In Liberia, while hope is an influential and potent force, it needs back-up. We can apply this lesson in Chicago, where so many youth do not feel hope–and we are dealing with our own epidemic of violence.
The first family we visited was a widowed mother with HIV and four boys. The second family we visited was a mother and a father of four. It was difficult for us having such limited abilities to help.
We are sad to learn that Margot Adler has passed away. She was a longtime National Public Radio (NPR) correspondent, author, and the granddaughter of Alfred Adler whose work inspired the founding of our School. She also was a friend.
As a person who can blend in as Dominican or Haitian, I have been completely impacted by issues of colorism and ethnicsim in the Dominican Republic. And I realize that racism needs to be addressed as a global determinant to health.
Following the fall of Communism, there were a great many social, educational, and economic needs to be addressed. Aeropagus Institute was created to meet local needs in the areas of education, social work, and counseling services.
We have had the opportunity to be involved with all three.
It breaks my heart and sunders my soul to observe the sex workers here, to see young girls and women the same age as my nieces wooing white male tourists for sex in order to eat, to have a roof overhead or beds to sleep in, to care for a sick family member, to survive. A selfish part of me wishes I didn’t know what I know.
This morning stood out apart from my typical graduate student morning. I woke up knowing that we were going to meet with officials from the United Nations. Our aim is developing a mental health assessment for refugees migrating to the Dominican Republic.
This has been my experience for the past two weeks in the Dominican Republic. Other women have been subjected to much worse, and you could spend hours listening to the harassment they’ve faced for their gender identities. This is among the struggles that transgender women face.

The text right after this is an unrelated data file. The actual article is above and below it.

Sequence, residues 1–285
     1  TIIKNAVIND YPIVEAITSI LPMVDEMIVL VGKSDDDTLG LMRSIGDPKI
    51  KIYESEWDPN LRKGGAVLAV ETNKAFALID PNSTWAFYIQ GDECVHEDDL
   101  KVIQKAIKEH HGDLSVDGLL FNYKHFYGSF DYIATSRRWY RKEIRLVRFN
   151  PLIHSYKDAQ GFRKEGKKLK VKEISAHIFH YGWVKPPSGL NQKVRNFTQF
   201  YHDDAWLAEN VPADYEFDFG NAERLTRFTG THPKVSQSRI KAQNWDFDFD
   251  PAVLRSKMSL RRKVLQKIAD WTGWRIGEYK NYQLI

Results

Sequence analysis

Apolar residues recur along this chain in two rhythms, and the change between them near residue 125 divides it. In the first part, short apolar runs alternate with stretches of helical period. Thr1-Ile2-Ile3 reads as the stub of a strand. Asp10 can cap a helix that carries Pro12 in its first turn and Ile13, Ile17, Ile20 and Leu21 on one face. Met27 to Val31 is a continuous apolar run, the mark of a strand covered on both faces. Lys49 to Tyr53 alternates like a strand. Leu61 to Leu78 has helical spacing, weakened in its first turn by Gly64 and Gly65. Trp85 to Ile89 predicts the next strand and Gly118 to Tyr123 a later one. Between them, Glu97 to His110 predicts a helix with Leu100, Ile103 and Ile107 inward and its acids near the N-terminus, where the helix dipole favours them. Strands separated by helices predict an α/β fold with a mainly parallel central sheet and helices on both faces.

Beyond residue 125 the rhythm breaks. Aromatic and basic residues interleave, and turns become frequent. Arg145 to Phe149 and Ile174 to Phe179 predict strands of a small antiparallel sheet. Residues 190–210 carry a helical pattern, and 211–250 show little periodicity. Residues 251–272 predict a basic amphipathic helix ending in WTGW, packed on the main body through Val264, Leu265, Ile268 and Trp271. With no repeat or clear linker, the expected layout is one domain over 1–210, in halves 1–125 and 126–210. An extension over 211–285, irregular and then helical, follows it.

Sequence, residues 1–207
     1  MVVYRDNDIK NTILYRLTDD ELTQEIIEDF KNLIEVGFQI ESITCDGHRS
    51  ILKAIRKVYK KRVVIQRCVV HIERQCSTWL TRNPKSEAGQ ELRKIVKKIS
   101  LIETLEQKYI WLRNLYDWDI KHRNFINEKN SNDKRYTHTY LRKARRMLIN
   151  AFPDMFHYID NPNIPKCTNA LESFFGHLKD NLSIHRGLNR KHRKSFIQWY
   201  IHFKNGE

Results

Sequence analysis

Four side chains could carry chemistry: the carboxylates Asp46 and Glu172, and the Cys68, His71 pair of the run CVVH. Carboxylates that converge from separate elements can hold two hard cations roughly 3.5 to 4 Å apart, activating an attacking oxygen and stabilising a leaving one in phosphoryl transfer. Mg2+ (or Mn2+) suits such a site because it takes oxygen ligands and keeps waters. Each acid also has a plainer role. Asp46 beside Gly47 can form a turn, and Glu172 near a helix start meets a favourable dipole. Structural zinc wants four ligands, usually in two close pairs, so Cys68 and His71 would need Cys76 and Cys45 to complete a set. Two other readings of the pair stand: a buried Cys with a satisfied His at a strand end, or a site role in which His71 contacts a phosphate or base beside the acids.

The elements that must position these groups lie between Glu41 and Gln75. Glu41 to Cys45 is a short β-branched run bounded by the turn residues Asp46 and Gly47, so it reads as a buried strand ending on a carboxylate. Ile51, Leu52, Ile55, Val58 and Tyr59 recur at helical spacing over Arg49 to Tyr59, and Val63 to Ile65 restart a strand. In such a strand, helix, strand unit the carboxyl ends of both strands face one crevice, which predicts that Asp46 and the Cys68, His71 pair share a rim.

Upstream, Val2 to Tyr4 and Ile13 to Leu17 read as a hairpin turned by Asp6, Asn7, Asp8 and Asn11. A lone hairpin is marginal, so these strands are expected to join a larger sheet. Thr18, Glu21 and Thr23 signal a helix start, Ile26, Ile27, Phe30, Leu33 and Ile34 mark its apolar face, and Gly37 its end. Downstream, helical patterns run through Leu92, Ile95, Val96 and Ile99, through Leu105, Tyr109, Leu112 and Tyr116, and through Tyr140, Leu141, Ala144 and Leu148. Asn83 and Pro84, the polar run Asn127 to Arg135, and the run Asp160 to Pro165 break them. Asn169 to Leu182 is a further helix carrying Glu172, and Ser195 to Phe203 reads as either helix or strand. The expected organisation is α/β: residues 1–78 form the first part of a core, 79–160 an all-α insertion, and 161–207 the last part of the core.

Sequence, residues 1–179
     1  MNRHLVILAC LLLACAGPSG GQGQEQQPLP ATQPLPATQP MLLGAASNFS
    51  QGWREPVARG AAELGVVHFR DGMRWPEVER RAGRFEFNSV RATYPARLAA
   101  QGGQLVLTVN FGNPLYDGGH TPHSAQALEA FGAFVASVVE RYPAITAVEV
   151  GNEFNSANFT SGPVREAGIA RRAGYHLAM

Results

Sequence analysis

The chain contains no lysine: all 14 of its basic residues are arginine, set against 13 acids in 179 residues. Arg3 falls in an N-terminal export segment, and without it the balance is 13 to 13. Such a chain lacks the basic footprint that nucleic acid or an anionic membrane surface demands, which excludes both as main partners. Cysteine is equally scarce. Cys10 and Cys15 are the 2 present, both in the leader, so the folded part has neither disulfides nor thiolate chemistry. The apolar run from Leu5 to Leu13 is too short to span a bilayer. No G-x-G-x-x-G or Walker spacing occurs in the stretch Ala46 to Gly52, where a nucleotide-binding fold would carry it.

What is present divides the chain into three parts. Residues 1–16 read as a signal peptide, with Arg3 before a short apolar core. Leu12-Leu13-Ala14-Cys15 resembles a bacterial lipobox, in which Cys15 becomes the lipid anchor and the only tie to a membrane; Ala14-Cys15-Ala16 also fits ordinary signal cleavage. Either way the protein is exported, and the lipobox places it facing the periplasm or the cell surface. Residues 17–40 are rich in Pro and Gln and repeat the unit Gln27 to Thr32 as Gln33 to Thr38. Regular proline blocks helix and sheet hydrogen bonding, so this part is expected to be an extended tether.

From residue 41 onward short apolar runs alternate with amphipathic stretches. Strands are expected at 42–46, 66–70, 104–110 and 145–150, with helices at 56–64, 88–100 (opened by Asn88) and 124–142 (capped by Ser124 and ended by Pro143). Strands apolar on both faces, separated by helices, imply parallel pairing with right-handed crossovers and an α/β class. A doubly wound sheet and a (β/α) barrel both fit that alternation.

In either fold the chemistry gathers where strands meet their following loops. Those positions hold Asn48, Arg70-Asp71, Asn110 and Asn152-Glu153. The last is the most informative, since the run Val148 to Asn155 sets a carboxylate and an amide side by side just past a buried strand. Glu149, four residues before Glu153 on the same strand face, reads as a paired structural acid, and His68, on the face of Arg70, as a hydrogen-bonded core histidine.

My experience as a volunteer working with Heartland Alliance in the Dominican Republic has been complex and very eye-opening. I thought I was aware of human rights issues here until I arrived and began immersing myself in the culture.
Hope is the backbone of equality. Through the lens of hope, it feels fitting to wrestle with my experience, and mixture of synchronous and conflicting emotions and reflections, attending yesterday’s Caravan of Pride in the Dominican Republic.
Today we attended the annual Caravana Orgullo GLBT (Pride Parade) in Santo Domingo. For some of us, it was our first Pride Parade ever; for others, it was our first Pride Parade outside of the U.S. We didn’t know what to expect.
Today, we enjoyed a free day visiting the beaches of Santo Domingo–from the private, quiet beaches, to the popular and controversial beach of Boca Chica, which we’ve learned so much about through our readings.
Today, we had the pleasure of visiting Caritas Dominican, a faith-based clinic that provides a multitude of treatment services, including mental health care to the poor and marginalized people.
Today we toured the socioeconomic spectrum in Santo Domingo, including two public hospitals. We discovered that military personnel serve to keep hospital visitors safe from crime, but also block some seeking entry to hospital services.
We believe that current systems steal away the future of too many young people—predominantly young men of color. We hope that through our REAL Justice initiative, we can reverse this trend.